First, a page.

Some ancient civilizations thought giant animals were to blame for the sudden darkness. Vikings believed two wolves from Norse mythology had chased the sun and moon, which caused them to disappear when they caught them. The Mayans believed a giant snake was to blame, while the Incans believed a jaguar swallowed the moon during a lunar eclipse.
Eclipses have played a part in starting and ending war when they made unexpected appearances. The solar eclipse of 1133 happened on the same day that King Henry I of England died, which caused mass hysteria and brought on civil war. Warring armies in Turkey took it as a sign they that their gods wanted them to get along as they stood in awe of the 585 BC eclipse, bringing fifteen years of fighting to an end.
Ancient Babylonians believed eclipses were bad omens for their rulers, despite the fact that they had the knowledge to predict them with mathematic calculations. They used peasants as stand-ins for their royalty during eclipses, so their king and queen would be spared from any dark happenings. The stand-ins were the ones to meet a bad end, however, since they were killed after the danger was over in the off chance they had soaked up any bad effects when the moon and sun lined up.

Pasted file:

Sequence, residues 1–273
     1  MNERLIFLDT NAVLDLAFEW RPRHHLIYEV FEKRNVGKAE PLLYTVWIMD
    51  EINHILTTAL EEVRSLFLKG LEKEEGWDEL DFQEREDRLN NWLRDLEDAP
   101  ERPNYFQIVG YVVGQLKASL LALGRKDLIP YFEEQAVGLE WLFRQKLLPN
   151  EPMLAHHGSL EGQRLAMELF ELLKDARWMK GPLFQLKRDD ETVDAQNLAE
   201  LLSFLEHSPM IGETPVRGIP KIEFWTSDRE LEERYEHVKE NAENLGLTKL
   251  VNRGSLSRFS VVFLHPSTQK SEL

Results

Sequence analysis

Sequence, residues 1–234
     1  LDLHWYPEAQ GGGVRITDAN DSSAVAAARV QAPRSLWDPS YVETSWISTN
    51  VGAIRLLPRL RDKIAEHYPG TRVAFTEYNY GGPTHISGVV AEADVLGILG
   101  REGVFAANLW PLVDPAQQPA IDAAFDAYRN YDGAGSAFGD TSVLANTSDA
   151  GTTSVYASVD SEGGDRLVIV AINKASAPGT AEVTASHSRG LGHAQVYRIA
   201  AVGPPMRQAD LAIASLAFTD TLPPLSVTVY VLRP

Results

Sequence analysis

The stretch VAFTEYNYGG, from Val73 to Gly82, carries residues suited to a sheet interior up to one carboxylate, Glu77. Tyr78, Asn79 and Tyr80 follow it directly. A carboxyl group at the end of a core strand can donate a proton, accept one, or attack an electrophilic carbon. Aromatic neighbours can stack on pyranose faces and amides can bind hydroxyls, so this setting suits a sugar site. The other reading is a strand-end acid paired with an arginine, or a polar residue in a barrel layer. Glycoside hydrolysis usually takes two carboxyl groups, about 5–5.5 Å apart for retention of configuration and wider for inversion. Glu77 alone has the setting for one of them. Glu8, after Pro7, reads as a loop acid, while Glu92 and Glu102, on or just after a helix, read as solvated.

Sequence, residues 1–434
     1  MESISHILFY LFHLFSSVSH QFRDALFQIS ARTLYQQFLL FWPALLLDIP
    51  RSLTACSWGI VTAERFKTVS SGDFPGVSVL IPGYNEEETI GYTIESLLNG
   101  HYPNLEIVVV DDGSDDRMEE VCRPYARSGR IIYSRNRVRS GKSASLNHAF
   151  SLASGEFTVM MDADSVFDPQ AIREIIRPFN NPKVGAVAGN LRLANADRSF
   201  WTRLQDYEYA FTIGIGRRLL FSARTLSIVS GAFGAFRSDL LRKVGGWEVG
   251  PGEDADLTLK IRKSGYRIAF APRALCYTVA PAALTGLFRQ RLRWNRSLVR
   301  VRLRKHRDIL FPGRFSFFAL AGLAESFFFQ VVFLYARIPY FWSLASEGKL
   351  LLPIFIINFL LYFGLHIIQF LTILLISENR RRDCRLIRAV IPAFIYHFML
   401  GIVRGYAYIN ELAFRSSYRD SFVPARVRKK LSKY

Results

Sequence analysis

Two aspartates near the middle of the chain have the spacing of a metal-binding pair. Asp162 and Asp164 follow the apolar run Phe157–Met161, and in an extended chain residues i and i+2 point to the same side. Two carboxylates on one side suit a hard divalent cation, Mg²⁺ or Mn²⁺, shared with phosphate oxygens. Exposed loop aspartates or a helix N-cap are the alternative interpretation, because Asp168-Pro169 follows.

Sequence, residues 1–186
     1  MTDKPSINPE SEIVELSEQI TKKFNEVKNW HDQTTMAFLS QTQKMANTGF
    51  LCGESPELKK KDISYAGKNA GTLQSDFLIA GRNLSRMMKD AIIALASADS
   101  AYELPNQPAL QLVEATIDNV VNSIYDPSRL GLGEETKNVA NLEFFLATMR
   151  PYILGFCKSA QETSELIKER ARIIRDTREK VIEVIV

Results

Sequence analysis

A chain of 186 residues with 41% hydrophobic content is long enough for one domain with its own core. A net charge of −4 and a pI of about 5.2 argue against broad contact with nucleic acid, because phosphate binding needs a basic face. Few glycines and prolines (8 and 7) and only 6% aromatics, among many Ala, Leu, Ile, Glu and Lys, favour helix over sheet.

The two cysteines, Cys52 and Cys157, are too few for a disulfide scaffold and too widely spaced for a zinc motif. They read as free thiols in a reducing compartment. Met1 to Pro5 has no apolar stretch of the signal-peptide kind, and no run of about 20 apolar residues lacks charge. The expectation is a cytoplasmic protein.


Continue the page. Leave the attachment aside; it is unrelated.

When Chinese astronomers decided to get drunk and failed to predict an eclipse as a result, they were sentenced to death. If that wasn't bad enough, a poem immortalized the event so we still know about it four thousand years later, poking fun at the astronomers who were hung as punishment.
An eclipse in 647 BC thoroughly shook up the Greek poet Archilochus, making him wonder what other bizarre things the gods had in store for mankind. "After this, men can believe anything, expect anything," Archilochus said. "Don't any of you be surprised in future if land beasts change places with dolphins and go to live in their salty pastures, and get to like the sounding waves of the sea more than the land, while the dolphins prefer the mountains."
Even in today's age of enlightenment, people are known to react with emotion that can range anywhere between awe and wonder to shock and horror. Only time will tell how the solar eclipse on August 21st will be received.